Some think this to be the book of eternal predestination, in which the just are written, according to Psalm lxix. 28. where it is said, Let them be put out of the book of life, neither let them be written with the righteous. "Jerome thinks, that David by this book understood those of Samuel; Rabbi Solomon, that the books of the law are thereby meant, in which the acts of the just Abraham, of Isaac, Jacob, and Moses, are written; others, that it was the book of Exodus; others, as Theodoretus, that it was a commentary upon Joshua by an unknown author.
The book of Chozai, concerning Manasseh, remembered in the second of Chron. xxxiii. 18, 19. Of this book, also lost, s Jerome conceives that the prophet Isaiah was the author.
The same mischance came as well to the story of Solomon, written by Ahia Silonites, who met with Jeroboam, and foretold him of his obtaining the kingdom of Israel from the son of Solomon; as to the books of Nathan the prophet, and to those of Jeedo the seer, remembered in the second of Chron. ix. 29. with these have the books of Shemaiah and of Iddo, remembered in the second of Chron. xi. 15. perished; and that of Jehu the son of Hanani, of the actsof Jehoshaphat, cited in the second of Chron. xx. 34. Also
r Hieron. in quæst. super lib. Regum. s Hieron. in anuot. in Paralip.
that book of Solomon, which the Hebrews write Hascirim, of 5000 verses, of which that part called Canticum Canticorum only remaineth, 1 Kings iv. 32. and with this divers other of Solomon's works have perished, as his book of the natures of trees, plants, beasts, fishes, &c. 1 Kings iv. 33. with the rest remembered by Origen, Josephus, Jerome, Cedrenus, Ciccus Asculanus, Picus Mirandula, and others.
Of these and other books many were consumed with the same fire wherewith Nebuchadnezzar burnt the temple of Jerusalem. But let us return thither where we left.
SECT. VIII. Of Moses's sparing the issue of Lot ; and of the giants in those
parts; and of Sehon and Og. WHEN Moses had past Arnon, he encamped on the other side thereof at Abarim, opposite to the city of Nebo, leaving the city of Midian on his left hand, and attempting nothing upon the Moabites on that side. For Moab did at this time inhabit on the south side of Arnon, having lost all his ancient and best territory, which was now in the possession of Sehon the Amorite. For Moses was commanded by God not to molest Moab, neither to provoke them to battle, God having given that land to the children of Lot ; the same which was anciently possessed by the Emims, who were men of great stature, and comparable to those giants called Anakims, or the sons of Anak.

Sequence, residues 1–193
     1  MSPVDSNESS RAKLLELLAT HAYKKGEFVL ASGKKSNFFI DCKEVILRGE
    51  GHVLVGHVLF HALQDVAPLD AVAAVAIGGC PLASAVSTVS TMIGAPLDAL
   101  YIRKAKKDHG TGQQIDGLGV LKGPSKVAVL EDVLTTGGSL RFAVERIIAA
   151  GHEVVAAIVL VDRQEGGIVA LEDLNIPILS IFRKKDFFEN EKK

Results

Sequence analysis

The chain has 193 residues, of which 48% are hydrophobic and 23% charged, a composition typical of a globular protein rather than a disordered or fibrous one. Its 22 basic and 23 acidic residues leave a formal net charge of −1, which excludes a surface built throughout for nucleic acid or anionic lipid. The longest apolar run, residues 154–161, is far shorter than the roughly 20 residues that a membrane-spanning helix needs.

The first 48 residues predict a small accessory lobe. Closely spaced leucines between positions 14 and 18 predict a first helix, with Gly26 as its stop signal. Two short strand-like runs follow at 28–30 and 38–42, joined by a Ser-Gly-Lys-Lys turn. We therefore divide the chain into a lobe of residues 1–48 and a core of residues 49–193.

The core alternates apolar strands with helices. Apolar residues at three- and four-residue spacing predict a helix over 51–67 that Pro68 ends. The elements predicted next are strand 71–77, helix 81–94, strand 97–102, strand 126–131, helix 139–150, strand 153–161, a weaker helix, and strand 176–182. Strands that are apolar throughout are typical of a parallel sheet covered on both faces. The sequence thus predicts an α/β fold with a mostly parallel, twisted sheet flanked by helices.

God also commanded Moses to spare the Ammonites, because they likewise were descended of Lot; who had expelled from thence those giants which the Ammonites called Zamzummims. For it seemeth that all that part, especially to the east of Jordan, even to the desert of Arabia, as well on the west as on the east side of the mountains of Gilead, was inhabited by giants. And in the plantation of the land promised, the Israelites did not at any time pass those mountains to the east of Basan, but left their country to them, as in the description following is made manifest. We find also, that as there were many giants both before and after
* Deut. ii. 9-12.
the flood; so these nations, which anciently inhabited both the border of Canaan, and the land itself, had among them many families of giant-like men. For the Anakims dwelt in Hebron, which sometimes was called the city of Arbah, which Arbah in u Joshua is called the father of the Anakims, and the greatest man of the Anakims. There had also been giants in the land of the Moabites, called Emims; and their chief city was Aroer or Ar, near the river of Ar
To the giants of the Rephaims, the Ammonites gave the name of Zamzummims, which were of the same ancient Canaanites; and their chief city was Rabba, afterwards Philadelphia. They were also called Zuzims, which is as much to say, as viri robusti, horrendique gigantes; “strong “men, and fearful giants," who inhabited other cities of Ham, or Hom, in the same province, and not far to the north of Aroer.
Now Moses having passed Arnon, and being encamped at Abarim, and having (as before) sent to Sehon, as he had done to Edom, to pray a passage through his country, was denied it. For Sehon being made proud by his former conquest upon Vaheb the Moabite, which nation the Amorites esteemed but as strangers and usurpers, (themselves being of the sons of Canaan, and the Moabites of Lot,) refused to grant Israel any entrance that way, and withal prepared to encounter Moses with as much speed as he could, because Moses encamped in the country of his new conquests, to wit, the plains of Moab, the forty-second and last mansion ; which Moses wasted with the multitude of his people and cattle. Towards him therefore hasting himself, they encountered each other at Jahaz; where Sehon with his children and people were broken and discomfited; and the victory so pursued by Moses, as few or none of the Amorites escaped. He also slaughtered all the women and children of the Amorites, which he found in Essebon, and all the other cities, villages, or fields, they being of the race of Canaan, as those of Basan also were ; and descended of Emoreus, or Amoreus; for Moses calleth the Basanites also
u Jos. xv. 13. xiv. 15.
* Deut. i. 8.